Sep 04, 2012 at 7:41 pm
Crunching on other matters all day and didn’t get have a chance to get into this question that’s dominating the campaign news as to whether you’re better off than you were four years ago. Many useful things to read: here, here, and here.
I’ll leave the politics to others. Let me just say a few words about the substance. I’ve consistently stressed that when it comes to how people shape their opinions about the economy, the direction of economic variables often matters even more than the levels. Sure, an incumbent would be better off running on a low level of unemployment, but a high level doesn’t disqualify him if the trend is his friend.
In this regard, the R’s who think they’ve got a gotcha with the old Reagan question may find less traction than they’d hoped for. They’ve also raised Jimmy Carter’s economy as a comparison to the current one, and that actually provides a good example of what I and the other links above are talking about.
What the R’s are missing here, and it’s really pretty obvious, is that there’s a huge difference between sailing into a storm and sailing out of a storm. Jimmy Carter was heading into a deep recession; Barack Obama is heading out of (a much deeper) one.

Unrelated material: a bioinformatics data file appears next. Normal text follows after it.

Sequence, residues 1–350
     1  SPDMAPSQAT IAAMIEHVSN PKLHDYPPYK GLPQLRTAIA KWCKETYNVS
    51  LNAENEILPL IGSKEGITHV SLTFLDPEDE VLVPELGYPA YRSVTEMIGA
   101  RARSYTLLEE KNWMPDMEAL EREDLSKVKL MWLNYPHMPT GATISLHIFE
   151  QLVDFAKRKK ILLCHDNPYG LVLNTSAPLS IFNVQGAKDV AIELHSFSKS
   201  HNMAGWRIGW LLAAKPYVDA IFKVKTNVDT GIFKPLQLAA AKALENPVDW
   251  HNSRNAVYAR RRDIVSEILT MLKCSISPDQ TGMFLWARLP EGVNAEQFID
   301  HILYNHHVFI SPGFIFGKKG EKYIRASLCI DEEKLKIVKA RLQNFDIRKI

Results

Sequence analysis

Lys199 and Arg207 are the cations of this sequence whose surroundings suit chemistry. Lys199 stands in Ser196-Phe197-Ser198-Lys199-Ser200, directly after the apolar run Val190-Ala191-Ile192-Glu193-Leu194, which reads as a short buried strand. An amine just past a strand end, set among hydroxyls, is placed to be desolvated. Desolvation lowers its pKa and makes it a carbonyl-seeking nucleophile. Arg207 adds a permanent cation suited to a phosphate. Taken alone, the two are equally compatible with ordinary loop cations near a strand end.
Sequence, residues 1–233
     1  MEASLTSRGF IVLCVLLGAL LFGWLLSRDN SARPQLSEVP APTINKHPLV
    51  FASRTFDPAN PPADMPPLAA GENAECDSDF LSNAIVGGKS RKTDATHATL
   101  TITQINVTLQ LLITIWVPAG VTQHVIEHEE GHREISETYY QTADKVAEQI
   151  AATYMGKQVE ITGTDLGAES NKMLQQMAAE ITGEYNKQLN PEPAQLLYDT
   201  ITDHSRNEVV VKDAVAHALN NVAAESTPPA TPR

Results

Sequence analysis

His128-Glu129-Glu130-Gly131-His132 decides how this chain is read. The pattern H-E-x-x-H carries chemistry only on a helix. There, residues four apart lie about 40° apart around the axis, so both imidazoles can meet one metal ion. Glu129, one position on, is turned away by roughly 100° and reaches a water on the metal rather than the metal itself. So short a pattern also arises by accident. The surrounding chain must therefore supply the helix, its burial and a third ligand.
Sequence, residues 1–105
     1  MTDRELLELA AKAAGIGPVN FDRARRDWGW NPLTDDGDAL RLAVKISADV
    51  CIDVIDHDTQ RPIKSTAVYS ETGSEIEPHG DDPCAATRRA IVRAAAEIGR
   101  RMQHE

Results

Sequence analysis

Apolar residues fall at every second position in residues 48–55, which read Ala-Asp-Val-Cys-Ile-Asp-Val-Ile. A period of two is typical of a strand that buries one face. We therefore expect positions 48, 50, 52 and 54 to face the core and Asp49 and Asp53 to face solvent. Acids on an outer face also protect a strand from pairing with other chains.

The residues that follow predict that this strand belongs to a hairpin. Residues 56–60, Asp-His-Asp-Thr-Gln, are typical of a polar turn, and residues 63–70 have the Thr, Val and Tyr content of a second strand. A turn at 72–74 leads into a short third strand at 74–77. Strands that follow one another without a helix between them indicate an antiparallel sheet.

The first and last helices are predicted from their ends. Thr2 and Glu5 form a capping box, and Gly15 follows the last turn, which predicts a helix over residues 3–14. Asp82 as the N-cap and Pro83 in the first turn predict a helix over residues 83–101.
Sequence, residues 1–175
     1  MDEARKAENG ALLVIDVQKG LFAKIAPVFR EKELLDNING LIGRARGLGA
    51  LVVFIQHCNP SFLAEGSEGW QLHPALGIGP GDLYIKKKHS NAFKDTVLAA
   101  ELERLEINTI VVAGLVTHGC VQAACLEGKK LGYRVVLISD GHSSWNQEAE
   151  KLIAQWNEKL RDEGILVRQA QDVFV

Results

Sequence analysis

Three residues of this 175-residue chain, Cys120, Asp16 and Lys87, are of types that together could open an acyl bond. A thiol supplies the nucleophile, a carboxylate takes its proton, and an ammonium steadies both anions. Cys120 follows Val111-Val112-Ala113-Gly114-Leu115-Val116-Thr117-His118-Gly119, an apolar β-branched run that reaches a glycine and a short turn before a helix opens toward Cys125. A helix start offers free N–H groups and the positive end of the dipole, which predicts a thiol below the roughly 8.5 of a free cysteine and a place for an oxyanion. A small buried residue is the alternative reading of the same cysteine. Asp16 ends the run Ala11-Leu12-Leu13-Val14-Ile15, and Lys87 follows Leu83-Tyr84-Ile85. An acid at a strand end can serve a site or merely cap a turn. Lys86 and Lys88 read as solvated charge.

I run through the gamut of variables here, and OTE regulars know I’m not an alarmist, but four years ago GDP and employment were collapsing, unemployment was spiking, the housing market was steadily worsening, credit markets were frozen, and 2/3 of the auto industry was on the verge of liquidation. Trends you wanted to be going up were cliff-diving and visa-versa.
Most of those trends have reversed. First derivatives—rates of change—that were negative have turned positive. Not positive enough, for sure. We need to see things not just moving in the right direction, but moving there faster (we want our 2nd derivatives to be positive as well, i.e., accelerating rates of change). And not all variables are moving together. While income losses have slowed, they have yet to convincingly reverse (i.e., there’s reversal in the aggregate—as shown below in real disposable per capita income—but not at the median).
But to pine for a return to the period when the economic meltdown was getting white hot—well, for the life of me I can’t imagine why anyone would want to go back there.
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